TE advert. Click for website
Click Bond advert. Click for website

North Texas to host Uber Elevate’s first flying taxis in 2023

by Michael Willoughby

Uber Elevate has selected North Texas to be the site of its first flying taxi service in 2023 the company announced at a Washington DC summit for its developers, last month.
The so-called Uber Air Skyport Mobility Hub could be located either in Dallas Forth Worth or Frisco.

At the summit, architect, BOKA Powell unveiled two speculative design concepts for the facility in the two cities, focusing on retrofitting an existing parking structure within the urban core, and second, a suburban location that would serve as a mixed-use development with a transit hub, retail, and other uses.

Both schemes link ground with air, providing recharge/service fleets of Uber ground vehicles (self-driving cars in the future), JUMP bikes and scooters (also part of the Uber network), as well as operations for Uber Eats ground couriers.

The Downtown Dallas location, near Victory Park, is envisioned as a retrofitted parking garage where the Uber Air components (arrival, passenger holding spaces, and take-off and landing areas) are efficiently added to the existing structure. The downtown location is considered a true inter-modal transportation hub that connects users to the Uber network (cars, bikes, scooters, and Uber Eats), private vehicles parked in the garage, as well as public light rail and bus systems.

Frisco was selected because of the greater availability of land area in addition to catering to real life-needs for people who live in suburbs and commute downtown. The suburban site explored aspirational goals of having the Skyport as a nucleus to an “Uber Village,” with energetic retail at each corner, and an Uber Experience Center where users can learn about the technology. The soaring shade structure gives the building an identity and ties all of the pieces together. The modular, linear layout of the Skyport allows for easy scalability in the future by adding aircraft landing zones next to existing structure.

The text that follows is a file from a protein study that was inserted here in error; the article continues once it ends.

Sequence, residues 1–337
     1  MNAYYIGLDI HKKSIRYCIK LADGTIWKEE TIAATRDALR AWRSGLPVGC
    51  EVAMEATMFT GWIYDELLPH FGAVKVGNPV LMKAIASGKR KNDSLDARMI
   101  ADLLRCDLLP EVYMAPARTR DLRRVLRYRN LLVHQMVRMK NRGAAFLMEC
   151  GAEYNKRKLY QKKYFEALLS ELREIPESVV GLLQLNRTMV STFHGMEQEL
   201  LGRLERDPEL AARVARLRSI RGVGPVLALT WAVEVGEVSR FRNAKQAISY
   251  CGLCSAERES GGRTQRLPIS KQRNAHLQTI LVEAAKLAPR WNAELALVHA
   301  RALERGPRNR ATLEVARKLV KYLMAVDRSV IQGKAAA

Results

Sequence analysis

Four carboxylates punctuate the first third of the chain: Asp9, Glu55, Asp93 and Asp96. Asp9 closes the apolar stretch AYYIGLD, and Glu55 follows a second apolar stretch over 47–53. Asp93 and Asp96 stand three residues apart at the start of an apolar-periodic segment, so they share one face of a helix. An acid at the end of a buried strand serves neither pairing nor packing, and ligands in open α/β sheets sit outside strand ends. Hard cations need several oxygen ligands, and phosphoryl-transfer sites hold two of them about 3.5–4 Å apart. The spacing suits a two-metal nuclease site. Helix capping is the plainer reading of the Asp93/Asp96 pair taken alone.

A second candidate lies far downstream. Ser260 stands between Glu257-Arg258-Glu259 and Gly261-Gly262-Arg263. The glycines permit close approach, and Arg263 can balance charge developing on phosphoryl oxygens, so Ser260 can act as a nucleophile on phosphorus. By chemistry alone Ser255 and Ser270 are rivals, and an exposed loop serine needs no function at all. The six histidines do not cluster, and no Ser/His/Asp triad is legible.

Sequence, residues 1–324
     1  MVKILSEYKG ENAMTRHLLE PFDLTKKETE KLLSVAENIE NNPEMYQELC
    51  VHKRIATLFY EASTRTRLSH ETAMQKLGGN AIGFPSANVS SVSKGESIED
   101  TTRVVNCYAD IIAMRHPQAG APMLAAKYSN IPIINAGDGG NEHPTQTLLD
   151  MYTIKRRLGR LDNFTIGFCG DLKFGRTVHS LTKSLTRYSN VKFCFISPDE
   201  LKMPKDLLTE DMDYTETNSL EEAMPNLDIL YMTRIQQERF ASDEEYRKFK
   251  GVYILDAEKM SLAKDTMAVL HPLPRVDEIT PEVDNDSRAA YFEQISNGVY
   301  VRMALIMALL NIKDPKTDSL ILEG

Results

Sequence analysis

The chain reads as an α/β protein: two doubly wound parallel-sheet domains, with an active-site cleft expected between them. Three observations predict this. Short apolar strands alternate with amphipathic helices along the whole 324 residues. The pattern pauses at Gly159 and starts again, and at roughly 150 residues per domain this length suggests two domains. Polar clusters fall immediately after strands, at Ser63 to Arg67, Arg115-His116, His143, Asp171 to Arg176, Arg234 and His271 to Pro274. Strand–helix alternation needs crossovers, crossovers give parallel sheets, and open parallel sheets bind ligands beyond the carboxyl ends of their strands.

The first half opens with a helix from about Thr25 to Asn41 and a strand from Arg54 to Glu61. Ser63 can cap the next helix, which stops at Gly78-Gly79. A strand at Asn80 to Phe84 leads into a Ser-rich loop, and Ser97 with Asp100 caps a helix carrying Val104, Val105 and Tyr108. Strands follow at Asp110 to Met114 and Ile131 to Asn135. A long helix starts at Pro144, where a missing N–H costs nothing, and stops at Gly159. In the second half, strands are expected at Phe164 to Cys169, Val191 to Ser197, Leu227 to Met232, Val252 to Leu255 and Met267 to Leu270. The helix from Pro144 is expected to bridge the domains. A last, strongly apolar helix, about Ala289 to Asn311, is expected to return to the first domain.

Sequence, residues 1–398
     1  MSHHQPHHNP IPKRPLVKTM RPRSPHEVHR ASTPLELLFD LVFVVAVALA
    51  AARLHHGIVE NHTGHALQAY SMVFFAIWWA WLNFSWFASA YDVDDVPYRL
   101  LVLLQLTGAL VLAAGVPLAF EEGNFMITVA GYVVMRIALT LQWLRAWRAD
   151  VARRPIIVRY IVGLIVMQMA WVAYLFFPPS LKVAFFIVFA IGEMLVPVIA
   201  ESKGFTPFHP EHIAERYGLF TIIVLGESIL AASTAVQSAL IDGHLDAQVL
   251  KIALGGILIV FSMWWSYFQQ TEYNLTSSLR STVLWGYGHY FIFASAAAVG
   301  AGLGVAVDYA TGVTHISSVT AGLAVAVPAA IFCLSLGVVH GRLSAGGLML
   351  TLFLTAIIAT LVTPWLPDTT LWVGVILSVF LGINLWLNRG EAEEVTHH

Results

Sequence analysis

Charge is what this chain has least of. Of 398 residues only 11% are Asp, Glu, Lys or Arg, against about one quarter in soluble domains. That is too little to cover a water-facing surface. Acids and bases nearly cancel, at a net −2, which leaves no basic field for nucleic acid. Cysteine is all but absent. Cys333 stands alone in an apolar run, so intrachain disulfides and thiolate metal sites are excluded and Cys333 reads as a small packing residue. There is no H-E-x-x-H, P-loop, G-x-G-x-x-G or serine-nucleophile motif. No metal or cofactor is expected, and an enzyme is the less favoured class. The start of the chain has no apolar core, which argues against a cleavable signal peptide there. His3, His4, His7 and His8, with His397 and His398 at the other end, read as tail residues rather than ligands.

The capacity of both “Skyport Mobility Hub” solutions is based on interconnecting Uber brands and meeting specific throughput requirements (provided by Uber as part of their design challenge):

Downtown Dallas
2 FATO (Aircraft Landing Areas)
5 eVTOL Aircraft Parking Areas
150 Electric Bikes
150 Electric Scooters
75 Electric Vehicle Charging Stations

2 FATO (Aircraft Landing Areas)
5 eVTOL Aircraft Parking Areas
200 Electric Bikes
200 Electric Scooters
100 Electric Vehicle Charging Stations

On Both
JUMP bike operations center (20,000 SF)
Uber Greenlight Hub (10,000 SF)

Architects were inspired by a desire to celebrate the joy of human flight and the experience of travel ― the continuum of multi-modal transportation through bold, recognizable architecture emphasizing the concept of “flow” and the process of advanced movement.

“The Uber Skyport Mobility Hub as imagined by BOKA Powell Architects celebrates our evolving experience-driven society by designing fluidity and transparency into the process of air travel re-imagined,” said BOKA Powell design principal Andrew Bennett.

“The integration of all Uber brands substantiates first and last mile travel as major support elements to the Uber Air component that revolutionizes urban mobility. The Mobility Hub is not a thing, but rather a place of dynamic energy and integrated connectivity that celebrates the spirit of flight and the freedom to quickly access the important places in one’s life.”

The designers focused on taking Uber’s legendary ride-sharing technology and layering on the multiple Uber brands to provide seamless connectivity across dense urban areas.

Image credit of Dallas render, BOKA Powell

For more information


Share this:
supernal advert. Click for website